Read on to see more on this provocative project - including a full set of presentation boards in the image gallery.
This AD Round Up is dedicated to unbuilt classics, a selection of projects and ideas that, although never built, contributed greatly to the canon of twentieth century architecture. In 1920, Buckminister Fuller designed the Dymaxion House, which displayed forward-thinking innovations in sustainability and prefabrication. In 1924, Le Corbusier’s radical plan for Ville Radieuse (The Radiant City) had an extensive inﬂuence upon modern urban planning and led to the development of new high-density housing typologies. In the same year Friedrick Kiesler introduced his "Endless House", the basis for his subsequent manifesto of Correalism. Eight years later in 1932, Philip Johnson and Henry-Russell Hitchcock curated the “Modern Architecture: International exhibition” at the MoMA, introducing the emerging International Style and laying the principles for Modern architecture. And finally, one of Archigram’s most famous utopian visions, the Plug-In City, proposed by Peter Cook in 1964, offered a fascinating new approach to urbanism and reversed traditional perceptions of infrastructure’s role in the city.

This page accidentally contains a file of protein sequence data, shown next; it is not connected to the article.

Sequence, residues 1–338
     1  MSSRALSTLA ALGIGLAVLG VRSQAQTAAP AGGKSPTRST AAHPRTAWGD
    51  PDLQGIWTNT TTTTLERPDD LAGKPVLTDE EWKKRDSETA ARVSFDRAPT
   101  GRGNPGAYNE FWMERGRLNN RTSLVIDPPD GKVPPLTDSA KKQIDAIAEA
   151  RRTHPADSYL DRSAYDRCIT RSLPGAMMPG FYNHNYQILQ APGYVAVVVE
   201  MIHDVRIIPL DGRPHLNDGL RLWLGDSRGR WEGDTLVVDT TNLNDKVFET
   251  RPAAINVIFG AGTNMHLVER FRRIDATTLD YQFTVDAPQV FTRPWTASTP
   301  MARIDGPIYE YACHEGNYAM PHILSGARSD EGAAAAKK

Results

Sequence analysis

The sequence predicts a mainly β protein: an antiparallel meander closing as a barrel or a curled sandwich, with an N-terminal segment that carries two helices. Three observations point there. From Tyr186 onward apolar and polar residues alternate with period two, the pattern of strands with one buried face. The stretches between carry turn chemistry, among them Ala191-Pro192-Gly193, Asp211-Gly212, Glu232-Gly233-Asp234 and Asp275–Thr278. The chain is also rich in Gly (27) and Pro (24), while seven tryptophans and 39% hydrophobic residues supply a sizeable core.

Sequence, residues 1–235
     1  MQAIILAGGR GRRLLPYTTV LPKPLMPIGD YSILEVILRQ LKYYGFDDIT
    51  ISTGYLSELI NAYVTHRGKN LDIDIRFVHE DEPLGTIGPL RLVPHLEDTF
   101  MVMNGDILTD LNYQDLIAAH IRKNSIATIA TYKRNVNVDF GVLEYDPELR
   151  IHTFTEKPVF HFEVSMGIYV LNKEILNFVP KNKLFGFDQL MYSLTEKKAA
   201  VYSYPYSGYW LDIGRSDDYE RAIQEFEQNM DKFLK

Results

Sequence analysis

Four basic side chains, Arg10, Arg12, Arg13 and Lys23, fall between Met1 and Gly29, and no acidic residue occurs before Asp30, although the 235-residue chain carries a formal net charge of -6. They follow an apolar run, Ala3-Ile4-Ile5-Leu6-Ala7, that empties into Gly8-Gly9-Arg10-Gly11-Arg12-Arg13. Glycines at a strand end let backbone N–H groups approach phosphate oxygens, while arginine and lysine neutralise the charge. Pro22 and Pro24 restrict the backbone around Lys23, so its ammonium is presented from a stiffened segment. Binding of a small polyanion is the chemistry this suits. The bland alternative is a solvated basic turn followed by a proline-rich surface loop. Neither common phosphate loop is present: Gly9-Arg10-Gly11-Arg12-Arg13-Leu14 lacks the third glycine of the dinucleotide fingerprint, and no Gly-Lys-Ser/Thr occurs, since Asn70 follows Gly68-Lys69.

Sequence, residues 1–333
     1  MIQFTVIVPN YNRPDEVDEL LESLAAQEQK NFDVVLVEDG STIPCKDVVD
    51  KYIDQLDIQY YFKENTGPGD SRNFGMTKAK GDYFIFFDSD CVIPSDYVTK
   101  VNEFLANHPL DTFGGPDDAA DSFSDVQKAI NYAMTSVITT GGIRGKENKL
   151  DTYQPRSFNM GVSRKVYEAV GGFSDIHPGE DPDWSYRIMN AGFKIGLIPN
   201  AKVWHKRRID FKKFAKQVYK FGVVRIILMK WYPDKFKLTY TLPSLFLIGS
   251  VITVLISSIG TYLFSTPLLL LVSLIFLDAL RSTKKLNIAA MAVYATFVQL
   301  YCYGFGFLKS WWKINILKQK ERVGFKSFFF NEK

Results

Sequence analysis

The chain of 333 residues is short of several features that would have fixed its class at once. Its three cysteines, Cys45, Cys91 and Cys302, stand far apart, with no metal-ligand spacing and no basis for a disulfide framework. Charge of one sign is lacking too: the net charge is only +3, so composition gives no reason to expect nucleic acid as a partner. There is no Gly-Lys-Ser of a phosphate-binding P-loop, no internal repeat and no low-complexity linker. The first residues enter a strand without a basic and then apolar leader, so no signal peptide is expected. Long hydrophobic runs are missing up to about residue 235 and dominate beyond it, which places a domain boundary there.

AD Classics presents you with great buildings of the past, providing inspiration and motivation for architects to design for the future. But why must inspiration only come from poured concrete and erected walls? For this edition of AD Classics, we share a work, the Plug-In City, by the avant-garde group Archigram. Though never built, their projects and ideas provoked debates, combining architecture, technology and society; when Plug-In City was proposed in 1964, it offered a fascinating new approach to urbanism, reversing traditional perceptions of infrastructure’s role in the city.
It is estimated that by 2050, 75 percent of the worlds - then 9 billion strong - population will live in cities. Urban Sprawl is already problematic and planners are faced with new challenges as they aim to build towards the sky rather than the horizon. In addition, cities are increasingly faced with climate change, resource scarcity, rising energy costs, and the possibility of future natural or man-made disasters. In response to these issues, Arup has proposed their vision of an urban building and city of the future.
In their proposal, titled “It’s Alive!”, they imagine an urban ecosystem of connected ‘living’ buildings, that not only create space, but also craft the environment. According to Arup, buildings of the future will not only produce energy and food, but will also provide its occupants with clean air and water.